Face Up Online: Lucky Peach
The Spring 2014 cover of Lucky Peach magazine is a tasty, illustrated concoction that highlights its "All You Can Eat" issue. It's a very unusual and very creative cover with a 3D illustration by Jordan Speer that looks straight out of an old Gumby claymation cartoon. I think this is a brilliant cover, very different and unique compared to most other food magazines. And it's simply one of the most fun covers I've seen this year. Not only did this delightful cover illustration convince me to buy the magazine, but everyone who has seen my copy has grabbed it away and started reading.
"I was a chef for 10 years," says Caysey Welton, associate editor at Folio:. "So I'm bored by a lot of food covers these days. But this one is fresh and cool." He is spot on with his analysis. At my local Whole Foods, this cover jumped out at me, amidst a wall of food and health magazines, all of them featuring beautiful, sensual, refined photographs, very sophisticated and well-polished in their design and styling. By comparison, Lucky Peach looks like a funky homemade dish that cares less about being perfect and pristine in its presentation, but with a much greater sense of passion, delight and soul.
Lucky Peach is the quarterly food and eating magazine brainchild of Momofuku restaurant owner and chef David Chang. Originally published in partnership with McSweeney's, Lucky Peach ended the relationship late last year; this is the second issue published as a completely independent operation.
This cover, art directed by Walter Green, is a big departure from Lucky Peach's first few independent issues. Those covers were raw, punky, graphic and somewhat off-putting, with photographs of big slabs of raw meat, knives, and burly tattooed arms and hands. The typography and headlines were aggressive, and the overall feel was very masculine and almost fatally hip. Honestly, I didn't like it and thought it was the wrong approach, although it was certainly effective in getting attention.
After six or seven issues, the Lucky Peach cover direction changed dramatically. Recent covers have boasted colorful, playful illustrations, like something you'd see in a children's book. Headlines have been minimized and, the original hand-drawn logo remains, which in the context of the lighter illustrations looks charming and homespun. The covers are now accurate reflections of the inside pages of the magazine, which are a lush, visual treat. It's a rich, diverse, multi-textured look, with very little of the "food porn" photography that fills most epicurean magazines these days.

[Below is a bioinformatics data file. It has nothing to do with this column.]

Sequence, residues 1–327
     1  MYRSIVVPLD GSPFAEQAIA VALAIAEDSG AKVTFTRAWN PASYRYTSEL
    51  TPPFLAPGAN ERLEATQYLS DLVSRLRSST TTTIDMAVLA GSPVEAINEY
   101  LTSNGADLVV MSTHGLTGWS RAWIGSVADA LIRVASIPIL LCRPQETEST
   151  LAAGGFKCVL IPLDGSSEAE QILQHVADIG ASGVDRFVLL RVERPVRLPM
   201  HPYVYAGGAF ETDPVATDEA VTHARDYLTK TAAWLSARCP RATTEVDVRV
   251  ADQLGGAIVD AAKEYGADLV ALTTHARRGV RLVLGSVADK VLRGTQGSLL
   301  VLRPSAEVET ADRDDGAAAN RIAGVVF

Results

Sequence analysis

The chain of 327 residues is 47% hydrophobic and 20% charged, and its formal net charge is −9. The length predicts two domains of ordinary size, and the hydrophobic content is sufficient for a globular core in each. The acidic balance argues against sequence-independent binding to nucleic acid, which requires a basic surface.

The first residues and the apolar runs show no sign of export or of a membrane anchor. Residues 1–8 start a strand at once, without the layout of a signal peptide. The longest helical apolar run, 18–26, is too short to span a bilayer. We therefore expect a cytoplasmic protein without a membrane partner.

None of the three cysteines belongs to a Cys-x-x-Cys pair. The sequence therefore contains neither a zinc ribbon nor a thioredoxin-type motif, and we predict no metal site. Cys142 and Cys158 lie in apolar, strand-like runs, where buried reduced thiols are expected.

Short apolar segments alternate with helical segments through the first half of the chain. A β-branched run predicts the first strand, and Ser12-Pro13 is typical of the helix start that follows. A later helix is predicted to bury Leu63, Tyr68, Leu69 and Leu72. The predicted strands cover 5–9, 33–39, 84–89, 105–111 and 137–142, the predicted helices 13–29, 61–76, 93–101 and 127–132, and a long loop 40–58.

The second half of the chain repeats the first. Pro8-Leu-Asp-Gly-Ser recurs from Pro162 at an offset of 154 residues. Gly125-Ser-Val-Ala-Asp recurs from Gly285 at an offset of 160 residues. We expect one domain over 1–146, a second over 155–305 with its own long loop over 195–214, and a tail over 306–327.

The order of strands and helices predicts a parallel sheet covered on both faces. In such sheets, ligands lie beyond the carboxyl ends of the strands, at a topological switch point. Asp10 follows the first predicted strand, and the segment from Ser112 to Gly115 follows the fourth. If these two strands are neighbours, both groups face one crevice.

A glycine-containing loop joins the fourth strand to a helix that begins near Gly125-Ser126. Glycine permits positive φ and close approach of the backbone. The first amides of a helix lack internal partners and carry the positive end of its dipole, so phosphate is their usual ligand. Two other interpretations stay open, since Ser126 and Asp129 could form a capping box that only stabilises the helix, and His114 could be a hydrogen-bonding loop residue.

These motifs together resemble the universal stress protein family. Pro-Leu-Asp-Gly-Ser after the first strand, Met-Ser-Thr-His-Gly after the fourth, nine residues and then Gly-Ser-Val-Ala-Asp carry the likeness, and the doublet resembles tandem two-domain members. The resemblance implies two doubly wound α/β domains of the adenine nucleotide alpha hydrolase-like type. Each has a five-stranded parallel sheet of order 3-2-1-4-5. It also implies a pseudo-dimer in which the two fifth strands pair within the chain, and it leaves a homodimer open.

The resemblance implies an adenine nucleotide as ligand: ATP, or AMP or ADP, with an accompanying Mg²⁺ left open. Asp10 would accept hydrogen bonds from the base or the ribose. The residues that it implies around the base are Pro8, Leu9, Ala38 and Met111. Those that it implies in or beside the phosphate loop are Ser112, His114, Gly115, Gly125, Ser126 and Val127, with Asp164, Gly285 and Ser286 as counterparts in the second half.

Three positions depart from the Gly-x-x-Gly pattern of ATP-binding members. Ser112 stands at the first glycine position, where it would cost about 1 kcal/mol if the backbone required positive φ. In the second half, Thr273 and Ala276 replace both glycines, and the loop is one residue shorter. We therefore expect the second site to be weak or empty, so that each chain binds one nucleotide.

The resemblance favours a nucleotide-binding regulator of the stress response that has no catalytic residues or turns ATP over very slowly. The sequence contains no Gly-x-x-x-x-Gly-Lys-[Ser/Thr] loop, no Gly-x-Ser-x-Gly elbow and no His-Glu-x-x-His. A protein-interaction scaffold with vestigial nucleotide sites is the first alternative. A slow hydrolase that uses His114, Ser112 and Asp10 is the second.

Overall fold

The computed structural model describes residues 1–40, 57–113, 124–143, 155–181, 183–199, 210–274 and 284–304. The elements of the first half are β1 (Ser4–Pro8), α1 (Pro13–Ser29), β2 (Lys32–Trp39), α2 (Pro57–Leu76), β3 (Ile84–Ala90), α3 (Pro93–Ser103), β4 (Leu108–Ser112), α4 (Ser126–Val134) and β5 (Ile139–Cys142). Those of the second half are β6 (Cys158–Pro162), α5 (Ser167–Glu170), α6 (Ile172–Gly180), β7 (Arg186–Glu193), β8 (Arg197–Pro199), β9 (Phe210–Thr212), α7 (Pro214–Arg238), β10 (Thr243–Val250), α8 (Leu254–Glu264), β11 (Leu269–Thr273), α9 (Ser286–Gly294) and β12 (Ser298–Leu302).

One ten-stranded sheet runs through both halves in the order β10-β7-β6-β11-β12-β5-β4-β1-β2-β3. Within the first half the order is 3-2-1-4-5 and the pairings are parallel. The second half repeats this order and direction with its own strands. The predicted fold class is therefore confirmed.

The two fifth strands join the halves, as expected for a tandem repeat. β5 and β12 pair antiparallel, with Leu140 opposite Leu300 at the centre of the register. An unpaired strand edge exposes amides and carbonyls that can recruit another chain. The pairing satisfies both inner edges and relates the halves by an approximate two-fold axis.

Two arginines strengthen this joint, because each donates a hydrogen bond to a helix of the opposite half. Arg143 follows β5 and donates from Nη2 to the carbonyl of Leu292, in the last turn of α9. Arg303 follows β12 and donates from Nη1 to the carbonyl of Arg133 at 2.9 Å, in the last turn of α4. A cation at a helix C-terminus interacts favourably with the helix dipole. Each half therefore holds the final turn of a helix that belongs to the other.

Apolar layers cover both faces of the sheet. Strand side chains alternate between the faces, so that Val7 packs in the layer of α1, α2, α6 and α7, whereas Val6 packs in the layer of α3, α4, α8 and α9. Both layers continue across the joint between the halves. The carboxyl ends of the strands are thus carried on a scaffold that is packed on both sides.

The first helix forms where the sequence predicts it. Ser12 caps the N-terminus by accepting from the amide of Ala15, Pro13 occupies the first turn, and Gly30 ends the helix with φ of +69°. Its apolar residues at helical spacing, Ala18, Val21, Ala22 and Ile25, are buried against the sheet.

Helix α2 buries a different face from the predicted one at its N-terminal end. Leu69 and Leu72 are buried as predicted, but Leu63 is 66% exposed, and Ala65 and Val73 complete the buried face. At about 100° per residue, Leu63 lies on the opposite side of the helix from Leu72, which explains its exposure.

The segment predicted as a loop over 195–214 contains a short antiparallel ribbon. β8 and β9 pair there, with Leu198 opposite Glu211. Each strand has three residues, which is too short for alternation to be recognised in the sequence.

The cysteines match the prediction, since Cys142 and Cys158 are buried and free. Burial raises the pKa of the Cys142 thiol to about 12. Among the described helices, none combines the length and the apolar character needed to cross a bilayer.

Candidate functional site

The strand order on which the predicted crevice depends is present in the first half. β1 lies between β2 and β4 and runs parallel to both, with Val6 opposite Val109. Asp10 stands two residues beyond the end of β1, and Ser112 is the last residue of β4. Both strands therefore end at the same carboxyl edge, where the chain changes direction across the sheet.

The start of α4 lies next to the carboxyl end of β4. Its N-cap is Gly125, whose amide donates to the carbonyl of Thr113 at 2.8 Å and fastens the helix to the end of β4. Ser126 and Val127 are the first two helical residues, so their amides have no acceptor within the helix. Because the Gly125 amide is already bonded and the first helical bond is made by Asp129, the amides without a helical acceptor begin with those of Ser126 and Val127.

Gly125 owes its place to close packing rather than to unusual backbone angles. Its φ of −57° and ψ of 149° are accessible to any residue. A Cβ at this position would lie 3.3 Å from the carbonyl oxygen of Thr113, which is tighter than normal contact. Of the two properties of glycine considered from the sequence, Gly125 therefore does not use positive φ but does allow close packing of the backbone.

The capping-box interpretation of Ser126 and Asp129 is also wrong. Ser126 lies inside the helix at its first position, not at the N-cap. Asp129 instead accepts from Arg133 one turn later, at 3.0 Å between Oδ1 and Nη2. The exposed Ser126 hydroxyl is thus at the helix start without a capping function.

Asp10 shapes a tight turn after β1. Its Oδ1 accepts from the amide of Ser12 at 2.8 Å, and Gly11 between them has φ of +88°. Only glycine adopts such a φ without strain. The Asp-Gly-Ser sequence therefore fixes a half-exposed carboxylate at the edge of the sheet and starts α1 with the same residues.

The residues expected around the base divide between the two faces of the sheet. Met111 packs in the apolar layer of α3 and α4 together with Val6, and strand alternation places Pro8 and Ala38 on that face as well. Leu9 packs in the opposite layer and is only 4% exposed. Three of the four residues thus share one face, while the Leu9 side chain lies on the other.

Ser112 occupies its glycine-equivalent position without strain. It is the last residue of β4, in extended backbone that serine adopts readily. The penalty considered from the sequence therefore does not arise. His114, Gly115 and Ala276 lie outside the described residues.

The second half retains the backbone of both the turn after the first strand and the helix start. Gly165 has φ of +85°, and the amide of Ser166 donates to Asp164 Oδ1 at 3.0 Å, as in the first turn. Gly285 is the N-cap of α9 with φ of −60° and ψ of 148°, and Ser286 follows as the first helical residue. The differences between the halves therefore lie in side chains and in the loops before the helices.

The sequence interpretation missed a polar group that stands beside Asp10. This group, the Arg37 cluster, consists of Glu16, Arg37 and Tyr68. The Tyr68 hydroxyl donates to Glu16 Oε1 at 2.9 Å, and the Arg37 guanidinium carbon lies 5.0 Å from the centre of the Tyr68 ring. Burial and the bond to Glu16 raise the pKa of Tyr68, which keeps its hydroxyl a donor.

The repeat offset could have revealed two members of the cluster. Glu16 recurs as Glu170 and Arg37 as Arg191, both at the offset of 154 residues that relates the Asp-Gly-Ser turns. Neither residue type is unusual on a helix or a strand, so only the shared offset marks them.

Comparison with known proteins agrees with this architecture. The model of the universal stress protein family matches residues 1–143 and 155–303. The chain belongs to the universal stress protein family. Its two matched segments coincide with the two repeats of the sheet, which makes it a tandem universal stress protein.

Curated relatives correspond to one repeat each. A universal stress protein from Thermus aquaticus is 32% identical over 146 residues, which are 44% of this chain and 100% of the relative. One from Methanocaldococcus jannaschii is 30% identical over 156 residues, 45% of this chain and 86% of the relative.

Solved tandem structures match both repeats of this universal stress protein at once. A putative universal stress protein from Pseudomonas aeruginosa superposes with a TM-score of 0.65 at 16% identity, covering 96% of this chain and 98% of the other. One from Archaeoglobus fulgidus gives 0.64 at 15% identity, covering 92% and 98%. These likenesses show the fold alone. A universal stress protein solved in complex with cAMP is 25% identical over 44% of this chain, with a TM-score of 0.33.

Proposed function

Fun is really the key to this cover, and that's what makes it so unique. It's rare to see a magazine cover that looks like it was actually fun to make, while also keeping it representative of the richness and quality of the material inside. For a sense of what Lucky Peach looks like, visit their Tumblr page, which is an explosion of exciting graphics and visual inspiration.
Lucky Peach is somewhat of a throwback to the illustrated Gourmet magazine covers of the 1940s and 50s. Those covers were artful but zany and quirky. Often illustrated by Henry Stahlhut, the illustrated Gourmet covers were the total opposite of the perfectly styled plates of food and gourmet dishes on magazine covers today. The "All You Can Eat" cover reminds me of Bloomberg Businessweek, with its pure disregard for any of the standard operating techniques of its genre.
I took my daughter to the Momofuku Noodle Bar in the East Village of New York City over the past weekend to celebrate her 14th birthday. She's a big fan of the Momofuku Milk Bar on the Upper West Side, where she favors strawberry milkshakes and pork buns. At the Noodle Bar she ordered Momofuku Ramen, while I gave up my meatless diet for a bowl of Spicy Miso Ramen (with chicken and pork broth). The food was hearty and delicious, and sitting in the restaurant at one of the long communal tables, I was reminded why the Lucky Peach cover is so perfect. It's a lot like the Momofuku restaurants: funky, uncompromising, hip (but not hipster), downhome and totally delightful and tasty. Like any great cover, it engages the readers in a visual conversation and invites them inside to discover a world of wonders, while at the same time maintaining the essence of its brand.
-- Robert Newman was most recently the creative director of Reader's Digest. He has been the creative director of Real Simple and the design director at Entertainment Weekly, New York, Details, Vibe, Fortune, The Village Voice, and Guitar World. He was also the editor of The Rocket, a music and culture magazine based in Seattle. Visit his site and and follow him on Twitter: @Newmanology.
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